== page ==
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05 January 2016

Husband programmes smartwatch to detect wife's seizures


When Ryan Clark's wife Kathryn had a tonic clonic seizure out of the blue, the dedicated husband took a week off work, not just to look after his wife and two young sons, but to programme software for a smartwatch that would alert him to any more seizures.

Now, with the help of Kathryn (above, with sons), the independent game developer has come up with a  system that can detect rhythmic movements in the frequency seen during a tonic clonic seizure.

If the smartwatch detects movements above a certain level, it sends an alarm to the wearer's phone. If the alarm is not cancelled within 15 seconds, the app automatically sends an alert to a named family member or friend in the person's phone contacts. In Kathryn's case, the alert goes through to Ryan and to her father.

The app also has a panic button so that if the wearer senses they are about to have a seizure, they can press it to alert their contacts.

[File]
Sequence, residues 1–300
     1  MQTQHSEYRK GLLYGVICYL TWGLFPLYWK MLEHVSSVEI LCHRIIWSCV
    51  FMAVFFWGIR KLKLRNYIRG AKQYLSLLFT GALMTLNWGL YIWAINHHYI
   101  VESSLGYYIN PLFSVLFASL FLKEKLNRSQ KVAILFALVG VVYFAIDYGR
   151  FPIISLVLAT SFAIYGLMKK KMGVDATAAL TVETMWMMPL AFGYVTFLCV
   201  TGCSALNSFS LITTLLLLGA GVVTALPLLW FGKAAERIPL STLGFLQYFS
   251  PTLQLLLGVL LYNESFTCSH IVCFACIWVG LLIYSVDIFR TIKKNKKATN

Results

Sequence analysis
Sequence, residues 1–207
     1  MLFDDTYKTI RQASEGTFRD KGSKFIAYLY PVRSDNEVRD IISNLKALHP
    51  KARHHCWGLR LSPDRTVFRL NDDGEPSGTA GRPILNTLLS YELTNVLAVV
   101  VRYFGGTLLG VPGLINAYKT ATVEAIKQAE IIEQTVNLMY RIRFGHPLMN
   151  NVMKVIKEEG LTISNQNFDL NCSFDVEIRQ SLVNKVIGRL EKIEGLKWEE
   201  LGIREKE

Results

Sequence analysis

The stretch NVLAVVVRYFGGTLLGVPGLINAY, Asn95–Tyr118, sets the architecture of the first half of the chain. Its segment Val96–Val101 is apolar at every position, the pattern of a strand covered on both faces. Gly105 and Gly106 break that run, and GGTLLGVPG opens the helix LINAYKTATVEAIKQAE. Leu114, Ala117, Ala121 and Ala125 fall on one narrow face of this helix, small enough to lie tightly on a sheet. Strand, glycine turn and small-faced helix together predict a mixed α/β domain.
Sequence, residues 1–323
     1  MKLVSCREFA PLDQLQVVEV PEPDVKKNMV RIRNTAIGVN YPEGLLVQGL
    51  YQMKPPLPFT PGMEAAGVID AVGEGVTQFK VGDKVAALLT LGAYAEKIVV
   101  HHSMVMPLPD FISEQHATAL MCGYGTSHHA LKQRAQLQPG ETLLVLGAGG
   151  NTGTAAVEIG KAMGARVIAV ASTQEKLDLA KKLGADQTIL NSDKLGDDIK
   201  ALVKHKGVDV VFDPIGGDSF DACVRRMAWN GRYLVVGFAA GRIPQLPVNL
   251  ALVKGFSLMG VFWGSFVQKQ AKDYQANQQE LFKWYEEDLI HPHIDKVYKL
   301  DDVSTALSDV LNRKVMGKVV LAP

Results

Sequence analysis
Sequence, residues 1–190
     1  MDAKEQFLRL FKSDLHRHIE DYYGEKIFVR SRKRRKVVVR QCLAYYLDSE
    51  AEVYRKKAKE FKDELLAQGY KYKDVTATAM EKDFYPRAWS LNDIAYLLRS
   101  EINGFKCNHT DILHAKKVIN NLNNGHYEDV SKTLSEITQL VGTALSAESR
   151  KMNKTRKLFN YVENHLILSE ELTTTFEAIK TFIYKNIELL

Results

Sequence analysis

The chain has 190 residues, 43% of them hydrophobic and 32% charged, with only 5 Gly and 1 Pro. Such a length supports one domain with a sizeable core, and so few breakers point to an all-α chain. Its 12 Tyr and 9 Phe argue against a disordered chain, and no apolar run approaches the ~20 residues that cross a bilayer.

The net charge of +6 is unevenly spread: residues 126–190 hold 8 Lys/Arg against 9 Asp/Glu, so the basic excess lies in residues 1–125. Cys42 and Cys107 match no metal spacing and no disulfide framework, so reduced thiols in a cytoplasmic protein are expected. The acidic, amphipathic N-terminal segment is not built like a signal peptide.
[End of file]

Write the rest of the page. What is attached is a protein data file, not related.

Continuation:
The app is called Pebble Seizure Detect and is available for free on a $100 Pebble smartwatch.

Not yet foolproof

Talking in the New Scientist, Ryan explained that the software is not yet foolproof. 'There are definitely are false positives,' he said. 'Brushing your teeth is almost exactly the same frequency and strength as having a seizure, it will definitely pick that up.'

He warned that the watch could also miss real seizures if, for example, the arm with the watch on it gets trapped under the person’s body. 'It shouldn’t be relied upon, but makes it more likely that a seizure will be detected.'

Peace of mind

Both Kathryn and Ryan say the watch has given them an increased sense of security and peace of mind.

'Most people with epilepsy and other chronic conditions will tell you it’s always a struggle to balance freedom with safety, independence with responsibility,' said Kathryn. 'Once you get over the shock that you have seizures, you do have to get down to, OK, how am I going to live with them? This has been the answer in a lot of ways for us.'

Find out more

Read more in the New Scientist (opens in a new window).